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Home :: Archive :: 1994 :: March ::
Re: Macbeth's Death
Shakespeare Electronic Conference, Vol. 5, No. 0268.  Saturday, 26 March 1994.
 
(1)     From:   Mary Jane Miller <
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        Date:   Friday, 25 Mar 94 14:16:16 -0500
        Subj:   Re: SHK 5.0267  Q: Macbeth's Death
 
(2)     From:   Elise Earthman <
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        Date:   Friday, 25 Mar 1994 11:49:54 -0800 (PST)
        Subj:   SHK 5.0267 Q: Macbeth's Death
 
(3)     From:   Mike Young <
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        Date:   Friday, 25 Mar 1994 14:45:52 -0500 (EST)
        Subj:   Re: SHK 5.0267  Q: Macbeth's Death
 
(4)     From:   Harry Hill <HILHAR@CONU2.BITNET>
        Date:   Friday, 25 Mar 1994 15:56:50 -0500 (EST)
        Subj:   Re: SHK 5.0267  Q: Macbeth's Death
 
(5)     From:   Charles Neuringer <NEURINGER@UKANVAX.BITNET>
        Date:   Friday, 25 Mar 1994 15:37:45 -0600 (CST)
        Subj:   Re: SHK 5.0267 Q: Macbeth's Death
 
 
(1)----------------------------------------------------------------------------
From:           Mary Jane Miller <
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Date:           Friday, 25 Mar 94 14:16:16 -0500
Subject: 5.0267  Q: Macbeth's Death
Comment:        Re: SHK 5.0267  Q: Macbeth's Death
 
Why make him a coward? why rob Macbeth of the courage of despair? It's
virtually all he has left, but Shakespeare leaves him that. He is more than a
"dead butcher"  as Lady Mac is more than a "fiend-like queen"- at least to the
audience. Mind you, when Paul Scofield had to fight MacDuff many years ago, the
broadswords were so heavy he had to impale himself on MacD's sword  or the play
would still be going on.  Mary Jane
 
Mary Jane Miller

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(2)----------------------------------------------------------------------------
From:           Elise Earthman <
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Date:           Friday, 25 Mar 1994 11:49:54 -0800 (PST)
Subject: Q: Macbeth's Death
Comment:        SHK 5.0267 Q: Macbeth's Death
 
Yikes!  I feel somewhat out of my league in this conference, since I have
not trained as a Shakespearean, but I have taught Macbeth in both high
school and college, and your proposed staging of the fight scene sent
chills up my spine--not, I'm afraid, of the good kind =-). I guess my
objection as an audience member of your production would be that the only
thing that *saves* Macbeth for me at the end of the play is that he stays
the course, he doesn't cave in, that he goes out "as a man," if you will.
When I taught Macbeth to inner city minority students, that was something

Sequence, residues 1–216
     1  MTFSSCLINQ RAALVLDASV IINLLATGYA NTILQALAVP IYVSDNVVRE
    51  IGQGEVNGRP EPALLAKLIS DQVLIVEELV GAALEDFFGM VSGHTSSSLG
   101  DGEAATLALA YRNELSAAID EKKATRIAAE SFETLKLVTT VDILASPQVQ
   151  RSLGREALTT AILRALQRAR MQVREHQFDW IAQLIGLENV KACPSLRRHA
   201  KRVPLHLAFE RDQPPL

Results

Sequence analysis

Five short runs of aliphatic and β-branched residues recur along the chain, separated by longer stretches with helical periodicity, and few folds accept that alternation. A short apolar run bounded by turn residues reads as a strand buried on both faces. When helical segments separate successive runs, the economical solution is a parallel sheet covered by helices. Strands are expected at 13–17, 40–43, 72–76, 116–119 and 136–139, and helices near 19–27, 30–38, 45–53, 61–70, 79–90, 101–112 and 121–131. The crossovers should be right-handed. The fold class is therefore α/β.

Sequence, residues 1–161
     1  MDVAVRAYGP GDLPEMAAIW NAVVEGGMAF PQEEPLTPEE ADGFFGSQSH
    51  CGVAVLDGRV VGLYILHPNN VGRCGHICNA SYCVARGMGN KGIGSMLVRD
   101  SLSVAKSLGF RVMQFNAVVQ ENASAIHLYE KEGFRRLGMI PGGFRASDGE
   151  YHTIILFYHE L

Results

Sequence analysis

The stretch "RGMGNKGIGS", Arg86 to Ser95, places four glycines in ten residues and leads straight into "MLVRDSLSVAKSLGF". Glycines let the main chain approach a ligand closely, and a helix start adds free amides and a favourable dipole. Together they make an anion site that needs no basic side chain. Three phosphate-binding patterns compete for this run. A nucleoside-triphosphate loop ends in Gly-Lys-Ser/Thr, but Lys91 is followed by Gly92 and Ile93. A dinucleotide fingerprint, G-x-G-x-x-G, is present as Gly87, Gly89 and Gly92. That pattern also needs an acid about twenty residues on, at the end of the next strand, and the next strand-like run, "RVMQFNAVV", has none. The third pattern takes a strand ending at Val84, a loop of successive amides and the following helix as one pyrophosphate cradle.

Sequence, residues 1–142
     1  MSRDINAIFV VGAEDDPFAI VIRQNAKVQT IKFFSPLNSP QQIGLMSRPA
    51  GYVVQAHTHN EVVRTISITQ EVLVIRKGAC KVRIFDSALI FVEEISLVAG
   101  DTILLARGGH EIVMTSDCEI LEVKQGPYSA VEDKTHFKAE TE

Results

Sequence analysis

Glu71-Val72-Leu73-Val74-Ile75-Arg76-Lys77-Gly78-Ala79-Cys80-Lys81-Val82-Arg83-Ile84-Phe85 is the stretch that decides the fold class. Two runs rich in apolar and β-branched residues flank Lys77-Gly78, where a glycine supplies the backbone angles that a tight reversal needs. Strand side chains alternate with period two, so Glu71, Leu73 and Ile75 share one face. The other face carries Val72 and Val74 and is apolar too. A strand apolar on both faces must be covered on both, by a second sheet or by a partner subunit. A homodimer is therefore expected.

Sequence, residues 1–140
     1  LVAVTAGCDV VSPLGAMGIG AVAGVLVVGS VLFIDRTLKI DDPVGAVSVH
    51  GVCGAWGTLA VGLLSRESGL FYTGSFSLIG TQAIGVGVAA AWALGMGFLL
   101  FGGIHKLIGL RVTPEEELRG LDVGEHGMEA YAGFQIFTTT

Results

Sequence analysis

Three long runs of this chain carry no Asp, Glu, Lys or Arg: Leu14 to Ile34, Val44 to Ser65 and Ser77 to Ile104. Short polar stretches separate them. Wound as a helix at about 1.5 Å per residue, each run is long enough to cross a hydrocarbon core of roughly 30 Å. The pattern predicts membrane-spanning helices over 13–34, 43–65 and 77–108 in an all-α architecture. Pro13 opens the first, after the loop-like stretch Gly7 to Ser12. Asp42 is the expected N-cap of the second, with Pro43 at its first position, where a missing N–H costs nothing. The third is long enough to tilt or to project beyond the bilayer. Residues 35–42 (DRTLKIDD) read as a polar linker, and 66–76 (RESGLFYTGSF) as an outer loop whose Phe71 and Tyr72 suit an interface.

they were very pleased to see in the play--yes, Macbeth did horrible
things, yes, he had a terrible fall, but when they brainstormed all the
things he *could* have done at the end (tried to cut a deal, sneaked away
in disguise, committed suicide, surrendered outright), they saw
guts--macho, to some of them--in his ending, a return to the noble figure
we glimpsed if only too briefly at the beginning of the play.  Since I
think they have a point, I'd find your version terribly depressing, if he
begged for mercy at the end.  Still, that said, a surprising
interpretation is always interesting (we had quite an unusual Duchess of
Malfi at ACT this year)--and who knows?  Others may like it.
 
Elise Earthman
San Francisco State University
 
(3)----------------------------------------------------------------------------
From:           Mike Young <
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Date:           Friday, 25 Mar 1994 14:45:52 -0500 (EST)
Subject: 5.0267  Q: Macbeth's Death
Comment:        Re: SHK 5.0267  Q: Macbeth's Death
 
Yes, I have seen the death kept until the very last line at least once (I
can see a university production from about ten years ago in my mind) and
the scream by Macbeth punctuated the action. I think it also makes him
more human, by speaking to anyone who will listen. i.e. the audience, just
before the end.  If the fight has been good and Macbeth a rounded
character and voice, it'll do.  Good hunting.
 
(4)----------------------------------------------------------------------------
From:           Harry Hill <HILHAR@CONU2.BITNET>
Date:           Friday, 25 Mar 1994 15:56:50 -0500 (EST)
Subject: 5.0267  Q: Macbeth's Death
Comment:        Re: SHK 5.0267  Q: Macbeth's Death
 
No, I for one have never seen this utterance of the soon-to-be dead butcher
turned this way. Don't you think that his words are not in any way an appeal
for mercy but a final savage heroism? But in an evening of fight-scenes it
matters less, of course, except that your audience probably all KNOW the famous
couplet and would likely be impressed only by the novelty. You asked for a
reaction to your idea, and that's mine. "Good fortune attend your endeavours."
(A prize of pride for identifying that!)
 
        Harry Hill
        Concordia, Montreal
 
(5)----------------------------------------------------------------------------
From:           Charles Neuringer <NEURINGER@UKANVAX.BITNET>
Date:           Friday, 25 Mar 1994 15:37:45 -0600 (CST)
Subject: 5.0267 Q: Macbeth's Death
Comment:        Re: SHK 5.0267 Q: Macbeth's Death
 
How it plays depends on the context of the whole play's presentation. It
would seem to me that Macbeth's death should reflect his life. If you play
it as planned, Macbeth would have to characterized as a person who would
ask for "mercy".  If Macbeth is played as weary and worn out, (Dose not
the text support such an interpretation?), then he might want to make an
end of it quickly. In that case, asking for "mercy" is out of character.
 
Charles Neuringer

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